Study reveals 70% match between SDGs and SASB material indicators

On the 07/01/21 at 7:49AM


Adrien Paredes-Vanheule

Latest BlackRock report said 55% of the financially material sustainability indicators identified by the Sustainability Accounting Standards Board (SASB) correspond to four out of 17 United Nations-supported sustainable development goals.

The clock is ticking for the integration of the United Nations-supported sustainable development goals (SDGs) in investors’ portfolios. 2030 has been set as deadline for the achievement of the objectives set by the 17 SDGs and their 242 sub-targets, aimed at improving life across the globe in many areas, from reducing inequalities to building sustainable communities around the world.

In a study published on Thursday, the world’s largest asset management company BlackRock assessed SDGs through the prism of financial materiality. Hence, it compared the 242 UN SDG indicators with the 980 financially material sustainability indicators identified by the Sustainability Accounting Standards Board (SASB).

The investment manager concluded to “a significant overlap” between the SDGs and company indicators that are material to long-term financial performance. BlackRock estimated the match at 70%. In total, 687 out of the 980 SASB indicators would correspond to at least one of the 242 UN SDG indicators, BlackRock said.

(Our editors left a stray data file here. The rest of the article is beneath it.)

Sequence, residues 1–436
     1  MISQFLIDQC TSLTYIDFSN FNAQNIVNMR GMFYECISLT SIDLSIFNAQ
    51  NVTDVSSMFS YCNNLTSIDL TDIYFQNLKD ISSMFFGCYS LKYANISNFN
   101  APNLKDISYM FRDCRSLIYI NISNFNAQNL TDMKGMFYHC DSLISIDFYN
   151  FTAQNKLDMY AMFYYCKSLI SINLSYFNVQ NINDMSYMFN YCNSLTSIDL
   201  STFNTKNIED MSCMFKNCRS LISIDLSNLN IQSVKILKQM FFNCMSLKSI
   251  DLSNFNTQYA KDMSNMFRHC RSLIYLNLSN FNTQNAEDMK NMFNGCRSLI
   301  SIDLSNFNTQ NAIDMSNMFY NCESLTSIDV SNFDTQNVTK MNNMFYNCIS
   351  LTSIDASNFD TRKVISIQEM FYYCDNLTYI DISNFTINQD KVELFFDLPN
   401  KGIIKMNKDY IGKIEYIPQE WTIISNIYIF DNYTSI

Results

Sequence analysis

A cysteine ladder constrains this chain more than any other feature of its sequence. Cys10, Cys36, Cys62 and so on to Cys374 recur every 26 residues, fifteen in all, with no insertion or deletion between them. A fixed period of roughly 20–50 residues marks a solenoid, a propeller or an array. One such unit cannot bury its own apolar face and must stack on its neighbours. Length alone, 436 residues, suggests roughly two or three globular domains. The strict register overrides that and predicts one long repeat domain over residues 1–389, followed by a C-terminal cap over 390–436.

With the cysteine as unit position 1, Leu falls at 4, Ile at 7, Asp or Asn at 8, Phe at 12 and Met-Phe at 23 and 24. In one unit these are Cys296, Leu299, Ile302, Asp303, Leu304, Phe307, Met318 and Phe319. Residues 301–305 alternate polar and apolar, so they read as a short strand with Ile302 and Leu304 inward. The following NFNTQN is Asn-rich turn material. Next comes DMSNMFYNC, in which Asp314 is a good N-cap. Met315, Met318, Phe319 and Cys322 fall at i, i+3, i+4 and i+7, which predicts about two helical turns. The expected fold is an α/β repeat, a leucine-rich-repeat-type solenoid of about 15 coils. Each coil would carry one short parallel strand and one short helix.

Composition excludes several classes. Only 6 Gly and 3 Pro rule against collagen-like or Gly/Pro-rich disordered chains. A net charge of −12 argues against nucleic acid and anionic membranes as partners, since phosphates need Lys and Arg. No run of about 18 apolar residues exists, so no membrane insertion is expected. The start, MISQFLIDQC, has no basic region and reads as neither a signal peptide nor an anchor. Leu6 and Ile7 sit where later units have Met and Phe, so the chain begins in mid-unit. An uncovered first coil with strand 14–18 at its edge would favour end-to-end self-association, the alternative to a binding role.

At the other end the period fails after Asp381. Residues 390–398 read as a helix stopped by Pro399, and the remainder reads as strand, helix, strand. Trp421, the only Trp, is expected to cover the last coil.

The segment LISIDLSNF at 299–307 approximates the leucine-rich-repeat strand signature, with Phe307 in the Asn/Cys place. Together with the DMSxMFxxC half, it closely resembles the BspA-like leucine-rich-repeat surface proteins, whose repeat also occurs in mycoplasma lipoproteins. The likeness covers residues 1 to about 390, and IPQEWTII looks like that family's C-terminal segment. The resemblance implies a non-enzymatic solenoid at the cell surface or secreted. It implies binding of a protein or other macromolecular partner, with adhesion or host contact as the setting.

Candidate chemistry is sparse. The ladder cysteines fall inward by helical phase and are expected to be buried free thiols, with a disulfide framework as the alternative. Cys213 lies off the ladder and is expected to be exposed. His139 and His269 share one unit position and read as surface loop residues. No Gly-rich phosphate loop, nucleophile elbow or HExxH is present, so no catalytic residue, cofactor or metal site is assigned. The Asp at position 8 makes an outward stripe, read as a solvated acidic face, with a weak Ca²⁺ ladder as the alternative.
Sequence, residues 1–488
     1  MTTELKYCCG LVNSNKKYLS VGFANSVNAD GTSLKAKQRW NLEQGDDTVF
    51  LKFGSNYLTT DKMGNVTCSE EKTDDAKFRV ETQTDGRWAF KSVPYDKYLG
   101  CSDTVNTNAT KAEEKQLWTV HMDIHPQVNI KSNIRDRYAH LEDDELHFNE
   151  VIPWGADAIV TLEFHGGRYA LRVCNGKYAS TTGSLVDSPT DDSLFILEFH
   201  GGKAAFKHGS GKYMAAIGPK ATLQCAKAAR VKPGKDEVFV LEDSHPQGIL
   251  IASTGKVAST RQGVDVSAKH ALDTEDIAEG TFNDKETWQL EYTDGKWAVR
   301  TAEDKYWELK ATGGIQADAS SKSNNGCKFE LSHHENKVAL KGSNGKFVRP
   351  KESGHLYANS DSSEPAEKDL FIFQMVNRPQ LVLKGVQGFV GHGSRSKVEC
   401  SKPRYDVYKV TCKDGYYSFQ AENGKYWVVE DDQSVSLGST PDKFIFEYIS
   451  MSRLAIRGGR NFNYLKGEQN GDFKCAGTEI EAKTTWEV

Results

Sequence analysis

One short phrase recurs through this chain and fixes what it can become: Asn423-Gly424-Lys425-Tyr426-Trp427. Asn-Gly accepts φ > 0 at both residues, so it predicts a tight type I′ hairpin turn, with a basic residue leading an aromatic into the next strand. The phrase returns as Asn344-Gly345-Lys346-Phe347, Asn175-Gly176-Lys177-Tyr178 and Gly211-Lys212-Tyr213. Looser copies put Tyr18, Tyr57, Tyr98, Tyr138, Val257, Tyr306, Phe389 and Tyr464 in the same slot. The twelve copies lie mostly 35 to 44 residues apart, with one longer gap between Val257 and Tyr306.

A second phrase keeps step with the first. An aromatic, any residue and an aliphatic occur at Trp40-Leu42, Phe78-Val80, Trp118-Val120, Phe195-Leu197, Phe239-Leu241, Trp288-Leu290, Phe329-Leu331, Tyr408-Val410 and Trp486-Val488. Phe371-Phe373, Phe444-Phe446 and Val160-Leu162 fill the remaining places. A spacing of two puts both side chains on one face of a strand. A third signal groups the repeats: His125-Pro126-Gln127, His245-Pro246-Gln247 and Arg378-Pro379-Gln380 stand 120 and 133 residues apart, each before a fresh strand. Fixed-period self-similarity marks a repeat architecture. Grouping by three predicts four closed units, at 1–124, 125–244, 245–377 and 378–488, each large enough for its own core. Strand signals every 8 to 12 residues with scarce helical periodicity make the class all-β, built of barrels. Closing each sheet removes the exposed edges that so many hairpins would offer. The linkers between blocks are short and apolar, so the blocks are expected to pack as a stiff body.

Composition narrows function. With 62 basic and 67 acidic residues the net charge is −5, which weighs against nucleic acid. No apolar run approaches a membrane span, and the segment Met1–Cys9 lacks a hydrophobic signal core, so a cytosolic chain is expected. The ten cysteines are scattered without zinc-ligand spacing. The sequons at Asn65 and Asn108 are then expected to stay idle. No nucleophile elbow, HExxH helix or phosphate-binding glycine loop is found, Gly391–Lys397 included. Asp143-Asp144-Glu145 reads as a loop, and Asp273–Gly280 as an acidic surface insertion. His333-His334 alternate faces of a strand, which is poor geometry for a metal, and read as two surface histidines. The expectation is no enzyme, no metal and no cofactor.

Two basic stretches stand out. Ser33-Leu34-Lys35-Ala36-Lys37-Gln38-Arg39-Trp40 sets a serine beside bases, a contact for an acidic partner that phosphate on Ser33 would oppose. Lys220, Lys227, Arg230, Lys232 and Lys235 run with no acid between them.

The US manager added the matching level was “especially high” in the environment , business model & innovation, and human capital categories, which are directly relevant to the climate change, responsible production and consumption, sustainable construction, and waste management goals.

Sector-wise, sectors with the highest match of material indicators linked to SDG indicators are extractives and minerals processing (120) and infrastructure (107). “The leading UN SDGs for these sectors are Clean Water and Sanitation (SDG 6), Affordable and Clean Energy (SDG 7), Climate Action (SDG 13), and Decent Work and Economic Growth (SDG 8). This is largely due to these sectors’ high correspondence with material indicators under the Environment and Business Model & Innovation categories, which tells us that the performance indicators linked to these UN SDGs will be particularly pertinent to the financial performance of these sectors,” the manager said in the report.

Conversely, financials and services sectors get the lowest matches with 28 and 25 SASB indicators related to a SDG. The reason is that the majority of their material indicators dwell in the Social Capital, Human Capital and Leadership & Governance categories, all having a low correspondence to the UN SDGs.

Financial materiality expressed mostly in four SDGs

BlackRock also found out four out of 17 SDGs draw 55% of all SASB materiality indicators that map to the SDGs. These are namely Clean Water and Sanitation (SDG 6), Decent Work and Economic Growth (SDG 8), Affordable and Clean Energy (SDG 7) and Responsible Consumption and Production (SDG 12).

The manager also split SASB material indicators into three categories: positive contributions, negative externalities, and risk management. It said most of the 980 SASB indicators pertain to company risk management (52%) and the minimisation of negative externalities like greenhouse gas emissions (38%). The remaining 10% pertain to positive contributions.  

Said Carole Crozat, head of fundamental research at BlackRock Sustainable Investing, companies will increasingly have to improve their transparency on issues pertaining to SDGs. “Focus will be where the information is linked to financial materiality, and we anticipate regulatory forces will likely introduce some requirements for companies to improve their disclosures and management of their social and environmental impact,” she added.

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